Spring 2013 Ethics Course Lecture Notes A
Return to Ethics
These are the notes you will see displayed in class. They can be correlated to study questions for each class day.
- 1 January 07
- 2 January 08
- 3 January 10
- 4 January 14
- 5 January 15
- 6 January 17
- 7 January 21
- 8 January 22
- 9 January 24
- 10 January 28
- 11 January 29
- 12 January 31
- 13 February 04
- 14 February 05
- 15 February 07
- 16 February 11
- 17 February 12
- 18 February 14
- 19 February 18
- 20 February 19
- 21 February 21
- 22 February 25
- 23 February 26
- 24 February 28
- 25 March 04
- 26 March 05
- 27 March 07
- 28 March 18
- 29 March 19
- 30 March 21
- 31 March 25
- 32 March 26
- 33 March 28
- 34 April 02
- 35 April 04
- 36 April 08
- 37 April 09
- 38 April 11
First Class Topics
- Course, Materials (books, pdfs, and clicker), and Goals
- Course Methods and web sites - view course research questions
- Course website -- for reading schedule, grading scheme, email, pdfs, audio from class, audio comments on assignments
- Course wiki -- for basic course information, lecture notes, study questions.
- Einstruction site - for registering your clicker, viewing clicker questions.
- A typical prep cycle for the course: read, engage, review, prep SQs.
- Time commitment: 6 hours per week as a baseline.
- Grading Schemes: overview.
- Ereserves - pdfs for course reading not in book form.
Cooper, Chapter 1, Introduction to Philosophical Ethics
- Defining Ethics: Cooper's pragmatic definition, and others
- Levels of value reflection: actions, institutions, principles, theory, meta-theory
- The Zimbardo Prison Experiment: implications
- Example of philosophical method.
- Core ethical principles or intutions that are the basis of ethical theories. p. 23
Ariely, Why We Lie
- Research on honesty with the "matrix task"
- Shredder condition
- Payment condition
- Probability of getting caught condition
- Distance of payment condition
- Presence of a cheater condition
- Priming with 10 commandments or signature on top of form
Haidt, The Righteous Mind, Intro and Chapter 1
- Moral reasoning as a means of finding truth vs. furthering social agendas.
- Harmless taboo violations: eating the dog / violating a dead chicken.
- Brief background on developmental & moral psychology: nativists, empiricists, rationalists
- Piaget's rationalism: kids figure things out for themselves if they have normal brains and the right experiences.
- Kohlberg's "Heinz story,"
- Turiel: kids don't treat all moral rules the same: very young kids distinguish "harms" from "social conventions"
- Haidt's puzzle about Turiel: other dimensions of moral experience, like "purity" and "pollution" seem operative at young ages and deep in culture (witches).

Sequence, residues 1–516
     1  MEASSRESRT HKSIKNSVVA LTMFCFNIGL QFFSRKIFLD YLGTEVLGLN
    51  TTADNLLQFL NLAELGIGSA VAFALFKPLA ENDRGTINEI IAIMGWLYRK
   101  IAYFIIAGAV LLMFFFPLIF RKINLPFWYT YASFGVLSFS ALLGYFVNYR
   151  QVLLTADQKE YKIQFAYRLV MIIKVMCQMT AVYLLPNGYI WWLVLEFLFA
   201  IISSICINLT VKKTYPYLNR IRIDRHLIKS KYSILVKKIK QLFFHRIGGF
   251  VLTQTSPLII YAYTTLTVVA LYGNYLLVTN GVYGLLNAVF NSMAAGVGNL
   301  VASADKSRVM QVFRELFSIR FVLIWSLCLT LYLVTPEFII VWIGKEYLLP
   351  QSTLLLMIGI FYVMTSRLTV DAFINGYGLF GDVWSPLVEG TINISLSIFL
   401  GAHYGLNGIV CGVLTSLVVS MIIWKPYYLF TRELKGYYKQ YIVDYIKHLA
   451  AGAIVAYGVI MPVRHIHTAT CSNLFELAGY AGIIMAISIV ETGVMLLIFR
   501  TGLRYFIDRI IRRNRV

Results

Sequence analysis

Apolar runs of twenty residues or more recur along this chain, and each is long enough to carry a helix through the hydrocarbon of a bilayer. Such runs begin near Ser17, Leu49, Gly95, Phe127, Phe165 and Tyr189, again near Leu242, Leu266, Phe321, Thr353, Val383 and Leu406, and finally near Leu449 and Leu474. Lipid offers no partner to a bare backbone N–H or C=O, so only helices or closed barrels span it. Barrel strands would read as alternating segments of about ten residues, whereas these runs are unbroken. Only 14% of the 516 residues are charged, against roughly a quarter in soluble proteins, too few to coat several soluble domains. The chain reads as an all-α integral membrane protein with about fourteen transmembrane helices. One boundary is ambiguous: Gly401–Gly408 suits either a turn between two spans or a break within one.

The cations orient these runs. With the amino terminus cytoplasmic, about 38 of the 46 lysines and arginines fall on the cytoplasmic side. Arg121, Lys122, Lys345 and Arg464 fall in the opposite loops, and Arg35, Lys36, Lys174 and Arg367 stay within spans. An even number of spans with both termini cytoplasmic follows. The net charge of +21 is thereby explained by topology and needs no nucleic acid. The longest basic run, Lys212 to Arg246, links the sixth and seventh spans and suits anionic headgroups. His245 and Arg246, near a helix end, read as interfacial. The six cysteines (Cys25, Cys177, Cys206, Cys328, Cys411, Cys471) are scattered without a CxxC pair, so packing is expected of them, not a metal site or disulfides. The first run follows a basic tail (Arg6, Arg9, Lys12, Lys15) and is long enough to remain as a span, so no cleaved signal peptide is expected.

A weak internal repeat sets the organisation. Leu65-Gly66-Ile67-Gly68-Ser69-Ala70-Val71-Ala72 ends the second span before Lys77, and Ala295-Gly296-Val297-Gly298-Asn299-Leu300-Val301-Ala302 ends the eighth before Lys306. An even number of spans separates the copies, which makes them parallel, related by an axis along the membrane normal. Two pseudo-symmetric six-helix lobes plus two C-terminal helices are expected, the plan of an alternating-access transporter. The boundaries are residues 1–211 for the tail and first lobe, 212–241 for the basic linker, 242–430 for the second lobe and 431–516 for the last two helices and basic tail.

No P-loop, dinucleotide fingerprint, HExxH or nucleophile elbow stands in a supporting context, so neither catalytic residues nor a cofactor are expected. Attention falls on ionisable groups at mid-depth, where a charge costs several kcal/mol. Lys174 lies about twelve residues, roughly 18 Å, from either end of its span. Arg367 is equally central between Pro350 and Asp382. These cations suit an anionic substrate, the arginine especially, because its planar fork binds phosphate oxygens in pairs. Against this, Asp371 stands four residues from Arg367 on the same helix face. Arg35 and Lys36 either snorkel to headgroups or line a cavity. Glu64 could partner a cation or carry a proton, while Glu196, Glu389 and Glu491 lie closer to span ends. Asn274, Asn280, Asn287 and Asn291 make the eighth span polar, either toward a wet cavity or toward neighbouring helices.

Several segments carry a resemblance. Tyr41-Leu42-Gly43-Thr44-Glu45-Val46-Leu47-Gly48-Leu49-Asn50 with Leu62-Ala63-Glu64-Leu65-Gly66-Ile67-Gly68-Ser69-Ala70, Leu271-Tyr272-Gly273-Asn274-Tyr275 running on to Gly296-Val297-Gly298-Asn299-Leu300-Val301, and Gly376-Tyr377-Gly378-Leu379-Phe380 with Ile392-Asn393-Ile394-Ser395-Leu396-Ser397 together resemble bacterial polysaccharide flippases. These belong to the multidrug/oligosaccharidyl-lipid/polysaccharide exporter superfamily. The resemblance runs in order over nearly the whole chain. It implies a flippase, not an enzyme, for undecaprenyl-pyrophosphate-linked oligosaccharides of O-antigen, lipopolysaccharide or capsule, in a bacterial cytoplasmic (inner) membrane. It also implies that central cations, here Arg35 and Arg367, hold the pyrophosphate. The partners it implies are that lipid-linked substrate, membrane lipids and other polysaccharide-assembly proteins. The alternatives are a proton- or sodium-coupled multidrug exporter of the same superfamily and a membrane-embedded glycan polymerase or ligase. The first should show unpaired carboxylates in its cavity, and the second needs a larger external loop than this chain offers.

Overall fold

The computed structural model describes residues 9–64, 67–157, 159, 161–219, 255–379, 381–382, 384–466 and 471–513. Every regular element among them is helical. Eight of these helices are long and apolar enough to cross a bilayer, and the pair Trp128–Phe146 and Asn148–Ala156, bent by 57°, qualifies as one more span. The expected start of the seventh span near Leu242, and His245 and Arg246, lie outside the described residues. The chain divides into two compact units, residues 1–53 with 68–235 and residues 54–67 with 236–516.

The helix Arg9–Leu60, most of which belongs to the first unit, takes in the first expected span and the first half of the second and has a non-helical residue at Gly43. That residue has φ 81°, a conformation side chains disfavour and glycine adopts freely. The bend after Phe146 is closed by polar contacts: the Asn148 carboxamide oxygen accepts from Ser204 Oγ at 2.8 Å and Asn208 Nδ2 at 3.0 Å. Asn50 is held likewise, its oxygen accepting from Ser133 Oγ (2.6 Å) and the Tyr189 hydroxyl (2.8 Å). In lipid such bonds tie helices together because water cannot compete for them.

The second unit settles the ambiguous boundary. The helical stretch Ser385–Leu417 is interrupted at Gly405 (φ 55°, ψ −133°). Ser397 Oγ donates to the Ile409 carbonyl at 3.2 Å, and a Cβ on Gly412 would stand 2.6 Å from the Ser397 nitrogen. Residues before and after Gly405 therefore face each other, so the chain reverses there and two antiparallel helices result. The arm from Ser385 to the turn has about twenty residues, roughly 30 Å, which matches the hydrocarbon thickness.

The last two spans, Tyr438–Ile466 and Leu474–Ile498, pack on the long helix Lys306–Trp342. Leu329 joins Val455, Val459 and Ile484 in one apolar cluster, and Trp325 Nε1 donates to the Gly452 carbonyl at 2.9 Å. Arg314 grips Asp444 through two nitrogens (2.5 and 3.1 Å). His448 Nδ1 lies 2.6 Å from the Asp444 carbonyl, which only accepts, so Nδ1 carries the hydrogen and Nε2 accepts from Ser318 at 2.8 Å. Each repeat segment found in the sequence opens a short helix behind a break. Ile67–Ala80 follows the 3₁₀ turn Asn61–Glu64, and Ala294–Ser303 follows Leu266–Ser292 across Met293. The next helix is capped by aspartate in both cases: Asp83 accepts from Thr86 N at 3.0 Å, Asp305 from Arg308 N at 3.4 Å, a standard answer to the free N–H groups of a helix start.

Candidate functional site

- Point of harmless taboo violations: pit intuitions about norms and conventions against intuitions about the morality of harm. Showed that Schweder was right. The morality/convention distinction was culturally variable.
- Small Group Discussion: factors affecting breaks with situational control.
Cooper, Chapter 5: Cognitive and Moral Development
- Review of Piaget's stage of cognitive development:
- Sensorimotor, Symbolic, Concrete, Formal
- Critics: missing variability from rich vs. poor environments. (Vygotsky)
- Importance of Formal Operational level for "breaking" with situational control.
- Kohlberg's stage of moral development
- Preconventional, Conventional, Postconventional
- Application to My Lai massacre
Singer, Chapter 1, "About Ethics," from Practical Ethics
- Ethics and religion
- Ethics and relativism -- different versions of relativism:
- Ethics varies by culture: true and false, same act under different conditions may have different value. Examples?
- Marxist relativism and non-relativism
- Problems for relativists: consistency across time, polls could determine ethics
- Problems for the subjectivist: making sense of disagreement
- Singer: Ok to say the values aren't objective like physics, but not sensible to deny the meaningfulness of moral disagreement. Ethical reasoning.
- Singer's view (one of several major positions): p. 10
- The sorts of reasons that count as ethical: universalizable ones.
- "Interests" in utilitarian thought
Aristotle, Nicomachean Ethics, Book 1
- Politics as the master science: it's end, happiness
- Defects of the life of pleasure, honor, even virtue as the meaning of happiness. Defect of money-making.
- Section 7: argument for happiness as the final end of life.
- But what is it? Search for the function of man to find the answer.
- Nutrition and growth?
- Activity of the soul in accordance with virtue?
- Other characteristics needed: complete life, active life.
- Section 13: Aristotle's tripartite division of the soul: